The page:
Newcomers to Canada are moving the dial on real estate demand, with one in every five Canadian homes purchased by a buyer who arrived in the past 10 years, according to a survey by national real estate brokerage Royal LePage.
The study of 1,500 newcomers to Canada, all of whom arrived in the past decade, included immigrants, refugees, those on working visas and international students.
"In addition to supporting Canada's economic growth, newcomers to Canada are vital to the health of our national real estate market," said Phil Soper, president and CEO, Royal LePage. "The combined demand for affordable housing among younger Canadians and new Canadians can be met through housing policies that encourage smart and sustainable development, with a focus on protecting and developing green spaces in our urban centres. Canada's economy and labour markets are expanding and it is crucial that housing supply keeps pace."
Eighty-six per cent of Canadian newcomers said they see real estate as a good investment and 75 per cent arrive with savings to help purchase a property. The study showed that of the newcomers that purchased a home, the average time was three years after arriving in Canada.
“It is not surprising that newcomers see a home in Canada as a good investment. Having lived abroad myself, I have seen first-hand the challenges of relocating a family to a new world. It takes courage and commitment. Newcomers are doing more than investing in Canadian real estate, they are investing in their family's future,” added Soper.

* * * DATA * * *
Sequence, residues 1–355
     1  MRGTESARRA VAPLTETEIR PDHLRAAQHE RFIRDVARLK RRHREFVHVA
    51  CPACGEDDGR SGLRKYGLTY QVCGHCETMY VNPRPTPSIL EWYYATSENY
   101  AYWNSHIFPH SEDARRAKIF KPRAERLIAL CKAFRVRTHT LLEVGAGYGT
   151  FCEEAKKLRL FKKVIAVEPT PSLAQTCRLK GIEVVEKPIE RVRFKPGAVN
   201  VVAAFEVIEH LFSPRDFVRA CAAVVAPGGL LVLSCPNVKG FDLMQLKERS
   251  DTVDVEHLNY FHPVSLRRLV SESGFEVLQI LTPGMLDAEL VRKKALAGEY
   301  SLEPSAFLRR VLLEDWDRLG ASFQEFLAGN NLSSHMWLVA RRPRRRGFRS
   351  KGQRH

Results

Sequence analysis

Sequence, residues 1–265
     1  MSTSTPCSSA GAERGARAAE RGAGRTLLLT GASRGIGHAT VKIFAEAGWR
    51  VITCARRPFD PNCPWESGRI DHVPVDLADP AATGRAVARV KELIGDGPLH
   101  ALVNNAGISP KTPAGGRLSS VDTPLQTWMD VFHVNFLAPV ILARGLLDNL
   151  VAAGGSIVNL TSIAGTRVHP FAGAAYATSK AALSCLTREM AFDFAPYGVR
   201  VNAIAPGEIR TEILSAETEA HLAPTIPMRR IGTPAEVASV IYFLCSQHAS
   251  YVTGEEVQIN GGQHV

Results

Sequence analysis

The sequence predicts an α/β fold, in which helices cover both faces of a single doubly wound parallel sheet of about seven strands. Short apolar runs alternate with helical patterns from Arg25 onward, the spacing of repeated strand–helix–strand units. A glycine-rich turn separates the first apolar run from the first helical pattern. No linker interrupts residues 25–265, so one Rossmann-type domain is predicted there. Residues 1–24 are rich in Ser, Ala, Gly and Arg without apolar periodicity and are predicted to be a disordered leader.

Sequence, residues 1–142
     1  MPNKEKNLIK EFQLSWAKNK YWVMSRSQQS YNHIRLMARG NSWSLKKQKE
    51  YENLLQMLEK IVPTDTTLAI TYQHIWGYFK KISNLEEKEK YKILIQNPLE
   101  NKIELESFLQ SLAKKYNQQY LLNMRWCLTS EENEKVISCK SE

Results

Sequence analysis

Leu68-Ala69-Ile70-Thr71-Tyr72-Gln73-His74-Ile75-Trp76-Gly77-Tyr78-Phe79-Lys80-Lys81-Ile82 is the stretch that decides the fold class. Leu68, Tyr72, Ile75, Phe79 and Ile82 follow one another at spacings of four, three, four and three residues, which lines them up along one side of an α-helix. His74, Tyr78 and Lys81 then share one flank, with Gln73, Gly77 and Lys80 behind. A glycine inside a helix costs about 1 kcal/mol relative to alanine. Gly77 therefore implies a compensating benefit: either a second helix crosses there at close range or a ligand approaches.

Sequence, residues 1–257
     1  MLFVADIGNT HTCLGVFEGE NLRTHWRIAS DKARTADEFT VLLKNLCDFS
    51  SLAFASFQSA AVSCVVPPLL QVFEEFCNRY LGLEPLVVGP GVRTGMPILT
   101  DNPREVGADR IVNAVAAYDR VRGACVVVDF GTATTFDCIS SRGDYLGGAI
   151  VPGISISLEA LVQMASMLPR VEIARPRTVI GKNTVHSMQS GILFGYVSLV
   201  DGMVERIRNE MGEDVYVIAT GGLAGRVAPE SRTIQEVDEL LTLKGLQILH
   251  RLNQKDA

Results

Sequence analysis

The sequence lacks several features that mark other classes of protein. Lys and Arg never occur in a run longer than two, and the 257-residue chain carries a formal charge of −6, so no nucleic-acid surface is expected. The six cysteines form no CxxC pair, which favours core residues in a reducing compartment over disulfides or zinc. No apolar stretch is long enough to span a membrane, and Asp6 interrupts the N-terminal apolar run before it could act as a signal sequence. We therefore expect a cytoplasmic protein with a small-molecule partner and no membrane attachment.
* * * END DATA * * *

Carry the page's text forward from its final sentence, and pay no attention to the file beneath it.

Royal LePage said in its report, “Despite the desire to purchase a home, the homeownership rate of newcomers is only 32 per cent. The overall homeownership rate for all Canadians is 68 per cent. Of those who purchase a home, 51 per cent of newcomers buy a detached house, 18 per cent buy a condominium, 15 per cent buy a townhouse and 13 per cent buy a semi-detached house.”
If the current international migration level is maintained, Canadian newcomers are expected to purchase 680,000 homes over the next five years, said Royal LePage.
In British Columbia, the homeownership rate among newcomers was the same as the national figure, at 32 per cent, and it was the same for newcomers living in Greater Vancouver. But the proportion of newcomers to British Columbia with enough funds to help buy a home was higher than the national figure, at 89 per cent.
Royal LePage added, “Consumer confidence in the province's real estate market is healthy, as 85 per cent of respondents in British Columbia believe that homeownership is a good financial investment. Eighty-six per cent of newcomers in British Columbia remain in their first city or region of residence. Currently, newcomers represent 15 per cent of all home buyers in the province and they are projected to purchase 91,000 homes over the next five years at the current rate of international migration.”
Randy Ryalls, general manager, Royal LePage Sterling Realty, added, “Greater Vancouver is one of the most desirable places in the world to live and we attract newcomers who are optimistic about what the city has to offer in terms of both lifestyle and employment.”